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Year in review: 145 shows that defined theatre in 2016

Declan Bennet (front) and Tyrone Huntley (back, centre) in Jesus Christ Superstar. Photo: Tristram Kenton Declan Bennet (front) and Tyrone Huntley (back, centre) in Jesus Christ Superstar. Photo: Tristram Kenton
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Jenufa at the London Coliseum. Photo: Tristram Kenton
Jenufa at the London Coliseum. Photo: Tristram Kenton

It has been an exceptional year for new opera. To experience the Scottish Opera/Music Theatre Wales co-production of Stuart MacRae’s Robert Louis Stevenson adaptation The Devil Inside, the Royal Opera’s co-production of Philip Venables’ powerful setting of Sarah Kane’s 4.48 Psychosis, and two major new scores from Welsh National Opera – Elena Langer’s Figaro Gets a Divorce (a sequel to Rossini’s The Barber of Seville and Mozart’s The Marriage of Figaro), and Iain Bell’s accomplished In Parenthesis (derived from David Jones’ poem on his experiences during the First World War), has been as thrilling as it has been extraordinary. Each of the composers brought appreciable skills to the medium, and they hold out significant promise for the future.

While not out of the woods, English National Opera looks more stable at the end of 2016, despite the sudden departure of music director Mark Wigglesworth in July. He has been replaced by Martyn Brabbins, while Daniel Kramer now has his feet under the table as artistic director. Before and since his departure, Wigglesworth conducted masterly performances of Jenufa, Don Giovanni and Lulu. The company also had success with Philip Glass’ Akhnaten, directed by Phelim McDermott.

Cecilia Bartoli  in Norma. Photo: T+T Fotografie
Cecilia Bartoli in Norma. Photo: T+T Fotografie

The Royal Opera announced Oliver Mears as successor to Kasper Holten as director of opera. Conducted by Antonio Pappano, and with Richard Jones directing Bryn Terfel in the title role, Boris Godunov represented the company’s work at its best, as did Barrie Kosky’s manic staging of Shostakovich’s The Nose. Katie Mitchell’s Lucia Di Lammermoor, on the other hand, was idiosyncratic when not actually perverse, while David Bosch’s Il Trovatore flopped badly.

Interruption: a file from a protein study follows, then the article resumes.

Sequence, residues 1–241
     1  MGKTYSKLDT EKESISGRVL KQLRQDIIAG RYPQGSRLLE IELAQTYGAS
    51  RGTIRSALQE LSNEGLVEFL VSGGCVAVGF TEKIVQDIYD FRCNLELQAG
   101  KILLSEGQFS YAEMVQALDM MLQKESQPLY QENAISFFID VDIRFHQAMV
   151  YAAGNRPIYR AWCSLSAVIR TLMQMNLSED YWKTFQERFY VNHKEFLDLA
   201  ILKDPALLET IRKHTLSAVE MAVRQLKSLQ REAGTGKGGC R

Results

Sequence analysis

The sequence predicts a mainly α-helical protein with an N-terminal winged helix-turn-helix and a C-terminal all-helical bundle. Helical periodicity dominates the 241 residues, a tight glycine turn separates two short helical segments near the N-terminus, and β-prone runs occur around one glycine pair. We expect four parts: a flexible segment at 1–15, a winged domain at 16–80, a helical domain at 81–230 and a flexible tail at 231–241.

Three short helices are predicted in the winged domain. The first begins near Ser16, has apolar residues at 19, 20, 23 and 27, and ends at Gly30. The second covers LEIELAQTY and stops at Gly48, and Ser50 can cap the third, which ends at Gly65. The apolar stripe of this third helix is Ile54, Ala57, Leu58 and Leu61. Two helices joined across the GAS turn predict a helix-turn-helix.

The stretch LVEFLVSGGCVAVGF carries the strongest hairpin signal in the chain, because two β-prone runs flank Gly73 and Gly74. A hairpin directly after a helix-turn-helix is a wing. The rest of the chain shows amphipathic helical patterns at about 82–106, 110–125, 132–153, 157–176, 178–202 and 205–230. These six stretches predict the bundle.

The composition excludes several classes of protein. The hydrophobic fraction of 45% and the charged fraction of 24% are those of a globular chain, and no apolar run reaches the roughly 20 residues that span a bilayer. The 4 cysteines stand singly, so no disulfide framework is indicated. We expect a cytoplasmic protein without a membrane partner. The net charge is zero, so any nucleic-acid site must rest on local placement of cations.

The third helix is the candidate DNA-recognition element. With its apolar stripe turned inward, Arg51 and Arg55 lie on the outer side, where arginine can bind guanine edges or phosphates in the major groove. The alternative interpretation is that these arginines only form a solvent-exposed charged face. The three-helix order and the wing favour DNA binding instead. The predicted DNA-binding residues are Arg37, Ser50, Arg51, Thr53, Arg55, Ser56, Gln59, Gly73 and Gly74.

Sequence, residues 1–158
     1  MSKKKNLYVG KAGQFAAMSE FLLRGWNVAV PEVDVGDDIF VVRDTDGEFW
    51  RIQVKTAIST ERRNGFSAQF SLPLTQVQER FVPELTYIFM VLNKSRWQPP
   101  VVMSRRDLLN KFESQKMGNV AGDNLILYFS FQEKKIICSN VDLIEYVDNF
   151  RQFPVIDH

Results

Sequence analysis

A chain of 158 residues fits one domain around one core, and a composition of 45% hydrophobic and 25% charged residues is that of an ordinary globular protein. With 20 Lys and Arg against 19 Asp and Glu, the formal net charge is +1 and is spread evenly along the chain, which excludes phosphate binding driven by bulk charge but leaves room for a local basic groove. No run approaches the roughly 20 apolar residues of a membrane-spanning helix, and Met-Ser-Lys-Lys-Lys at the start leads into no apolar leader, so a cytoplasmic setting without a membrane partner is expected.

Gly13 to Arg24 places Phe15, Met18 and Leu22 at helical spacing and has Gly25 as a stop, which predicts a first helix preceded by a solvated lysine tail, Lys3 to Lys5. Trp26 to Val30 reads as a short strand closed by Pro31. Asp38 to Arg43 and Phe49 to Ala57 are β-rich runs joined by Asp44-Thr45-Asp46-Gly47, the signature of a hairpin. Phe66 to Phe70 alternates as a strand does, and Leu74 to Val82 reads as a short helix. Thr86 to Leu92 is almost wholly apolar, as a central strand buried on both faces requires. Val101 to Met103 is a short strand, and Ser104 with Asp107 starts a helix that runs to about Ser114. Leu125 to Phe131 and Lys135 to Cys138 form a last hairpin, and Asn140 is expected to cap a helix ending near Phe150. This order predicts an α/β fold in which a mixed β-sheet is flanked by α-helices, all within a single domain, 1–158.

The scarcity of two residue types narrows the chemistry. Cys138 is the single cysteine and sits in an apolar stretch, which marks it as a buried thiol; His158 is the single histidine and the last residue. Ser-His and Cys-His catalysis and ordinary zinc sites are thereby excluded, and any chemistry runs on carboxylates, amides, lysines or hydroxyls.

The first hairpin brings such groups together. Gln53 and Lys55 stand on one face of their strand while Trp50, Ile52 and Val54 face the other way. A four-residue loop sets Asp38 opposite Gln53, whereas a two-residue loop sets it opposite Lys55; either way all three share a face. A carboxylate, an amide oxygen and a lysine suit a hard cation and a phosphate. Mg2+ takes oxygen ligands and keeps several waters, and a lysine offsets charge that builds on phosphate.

Wasfi Kani’s final season at Grange Park Opera in Hampshire included Oliver! starring Simon Keenlyside as Fagin. Kani is building a new opera house in Surrey that will open next June; at the Grange, meanwhile, Michael Chance will launch a new festival. But while still an expanding sector – Nevill Holt Opera has also announced a new theatre – 2016 was hardly a vintage year for country house ventures, with Garsington Opera’s focused Eugene Onegin directed by Michael Boyd and conducted by (no relation) Douglas Boyd probably the pick of the bunch.

Richard Farnes completed his distinguished service as Opera North’s music director with a semi-staged touring Ring that garnered universal approval; his successor Aleksandar Markovic opened his tenure with a revival of Der Rosenkavalier. The company also had hits with Andrea Chenier and (another co-produced new work) Mark Simpson’s Pleasure, in which Lesley Garrett starred as the lavatory attendant in a gay club; but Billy Budd, directed by Orpha Phelan and conducted by Garry Walker, was the company’s proudest achievement.

With Cecilia Bartoli appearing as a dramatically powerful Norma, the Edinburgh International Festival enjoyed a starry year, while Opera Holland Park had an exceptional season, with a rare revival of Mascagni’s Iris, conducted by Stuart Stratford and directed by Olivia Fuchs, the compelling highlight.

Best and worst

 The Devil Inside. Photo: Bill Cooper
The Devil Inside. Photo: Bill Cooper


The Devil Inside (Theatre Royal, Glasgow, and touring)

Stuart MacRae and librettist Louise Welsh struck gold with their chamber opera setting a creepy tale by Robert Louis Stevenson about an imp contained in a bottle. Michael Rafferty conducted a taut account of the tense score, with dynamic performances from Nicholas Sharratt, Ben McAteer, Steven Page and Rachel Kelly in Matthew Richardson’s assured production.


Il Trovatore (Royal Opera House, London)

Verdi’s borderline horrifying revenge tragedy is as difficult to stage as it is to sing, and it was primarily in dramatic and visual terms that the opening run in July of German director David Bosch’s feeble and incoherent Covent Garden staging fell so conspicuously short of requirements.

George Hall, opera critic

Now read: Our critics’ best and worst regional shows of 2016

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